DARPA sets unmanned aerial vehicle agenda

DARPA sets unmanned aerial vehicle agenda

The Defense Advanced Research Projects Agency plans to develop at least seven unmanned aerial vehicle technologies within the next several years.

'Our job is to get these concepts and ideas from the far side and take them to the near side,' DARPA director Tony Tether said Friday. 'DARPA was created 45 years ago to fill that gap.'

The agency's job is to take innovative concepts from the point of initial idea, design them and then release a product to Defense Department agencies for further development and use, he said at a UAV conference in Arlington, Va., sponsored by the Shephard Group of Buckinghamshire, U.K.

Seven UAV initiatives cover a wide spectrum of uses:

  • WASP Portable Tactical, a small, wide-area surveillance projectile that will be used by the Navy

  • Private Jones Organic Air Vehicle, a robotic hovering vehicle that will provide real-time reconnaissance and surveillance capabilities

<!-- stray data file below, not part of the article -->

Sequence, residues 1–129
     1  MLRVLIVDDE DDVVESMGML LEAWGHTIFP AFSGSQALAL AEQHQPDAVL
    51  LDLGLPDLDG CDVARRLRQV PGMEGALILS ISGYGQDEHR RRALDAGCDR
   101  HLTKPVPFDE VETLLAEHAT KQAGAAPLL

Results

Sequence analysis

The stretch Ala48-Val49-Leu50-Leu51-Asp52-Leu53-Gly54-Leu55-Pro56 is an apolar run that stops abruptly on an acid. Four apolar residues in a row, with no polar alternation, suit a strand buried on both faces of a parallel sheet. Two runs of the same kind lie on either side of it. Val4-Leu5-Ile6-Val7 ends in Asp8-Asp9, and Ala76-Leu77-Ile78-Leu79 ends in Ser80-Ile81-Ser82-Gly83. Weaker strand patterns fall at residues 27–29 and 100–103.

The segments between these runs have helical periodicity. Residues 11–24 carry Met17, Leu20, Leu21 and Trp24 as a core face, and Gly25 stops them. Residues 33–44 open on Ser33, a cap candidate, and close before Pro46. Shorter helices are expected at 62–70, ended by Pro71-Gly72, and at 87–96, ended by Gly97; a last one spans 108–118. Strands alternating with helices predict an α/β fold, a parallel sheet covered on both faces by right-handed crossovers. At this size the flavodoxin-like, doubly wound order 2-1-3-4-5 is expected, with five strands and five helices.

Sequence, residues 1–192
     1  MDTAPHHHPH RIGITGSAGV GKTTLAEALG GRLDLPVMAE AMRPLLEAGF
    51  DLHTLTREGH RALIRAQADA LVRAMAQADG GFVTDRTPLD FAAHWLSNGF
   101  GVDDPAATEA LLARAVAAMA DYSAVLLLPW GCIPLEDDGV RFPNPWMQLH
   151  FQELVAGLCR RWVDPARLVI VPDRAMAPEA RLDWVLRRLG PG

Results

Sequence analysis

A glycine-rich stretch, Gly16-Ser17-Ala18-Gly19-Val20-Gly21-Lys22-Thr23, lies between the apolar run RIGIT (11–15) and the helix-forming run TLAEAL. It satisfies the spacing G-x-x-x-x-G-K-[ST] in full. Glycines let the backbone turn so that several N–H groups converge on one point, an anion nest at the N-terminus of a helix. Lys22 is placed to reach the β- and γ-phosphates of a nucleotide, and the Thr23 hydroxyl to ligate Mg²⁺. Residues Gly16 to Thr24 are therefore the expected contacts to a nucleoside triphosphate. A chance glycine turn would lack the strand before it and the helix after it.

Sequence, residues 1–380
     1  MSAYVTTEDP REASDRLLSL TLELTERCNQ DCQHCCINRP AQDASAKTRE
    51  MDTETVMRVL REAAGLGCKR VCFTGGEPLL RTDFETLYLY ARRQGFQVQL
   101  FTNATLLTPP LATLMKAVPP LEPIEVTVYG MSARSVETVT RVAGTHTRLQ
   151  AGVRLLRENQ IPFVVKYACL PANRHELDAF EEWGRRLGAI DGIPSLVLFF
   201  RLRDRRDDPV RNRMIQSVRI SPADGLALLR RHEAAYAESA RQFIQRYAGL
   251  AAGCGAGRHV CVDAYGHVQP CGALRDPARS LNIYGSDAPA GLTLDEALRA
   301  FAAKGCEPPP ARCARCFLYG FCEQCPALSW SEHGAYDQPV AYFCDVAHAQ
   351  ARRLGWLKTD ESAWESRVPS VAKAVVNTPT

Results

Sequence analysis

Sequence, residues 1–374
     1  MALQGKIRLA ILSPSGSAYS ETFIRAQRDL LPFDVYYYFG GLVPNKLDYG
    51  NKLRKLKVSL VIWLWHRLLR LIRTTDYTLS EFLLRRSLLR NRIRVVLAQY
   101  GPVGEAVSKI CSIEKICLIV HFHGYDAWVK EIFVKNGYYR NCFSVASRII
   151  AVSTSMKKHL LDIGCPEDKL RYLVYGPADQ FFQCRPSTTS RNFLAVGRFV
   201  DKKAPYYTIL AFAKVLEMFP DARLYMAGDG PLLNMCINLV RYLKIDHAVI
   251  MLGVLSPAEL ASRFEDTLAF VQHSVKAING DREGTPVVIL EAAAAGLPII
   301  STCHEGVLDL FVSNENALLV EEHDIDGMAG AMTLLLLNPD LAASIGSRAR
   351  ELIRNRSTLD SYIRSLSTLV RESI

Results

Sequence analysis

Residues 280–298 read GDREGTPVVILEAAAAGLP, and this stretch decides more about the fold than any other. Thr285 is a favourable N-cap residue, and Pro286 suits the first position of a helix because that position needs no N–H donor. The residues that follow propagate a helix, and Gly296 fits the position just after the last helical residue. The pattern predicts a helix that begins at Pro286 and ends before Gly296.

• Hummingbird A160 Vehicle, a helicopter capable of flying a couple thousand miles and hovering for a few days

  • Integrated System is Structure, a radar sensor to be highly integrated with a high-altitude airship platform

  • Canard Rotor Wing, an airplane capable of vertical take-offs that the Air Force is considering using for crew and rescue missions

  • Unmanned Combat Armed Rotorcraft, an aircraft integrated into the Army's Objective Force structure that will be capable of collaborating with multiple manned and unmanned systems

  • Joint Unmanned Combat Air Systems, a project being run jointly by DARPA and the Air Force and Navy to demonstrate the technical feasibility of using networked high-performance, armed UAVs for combat.


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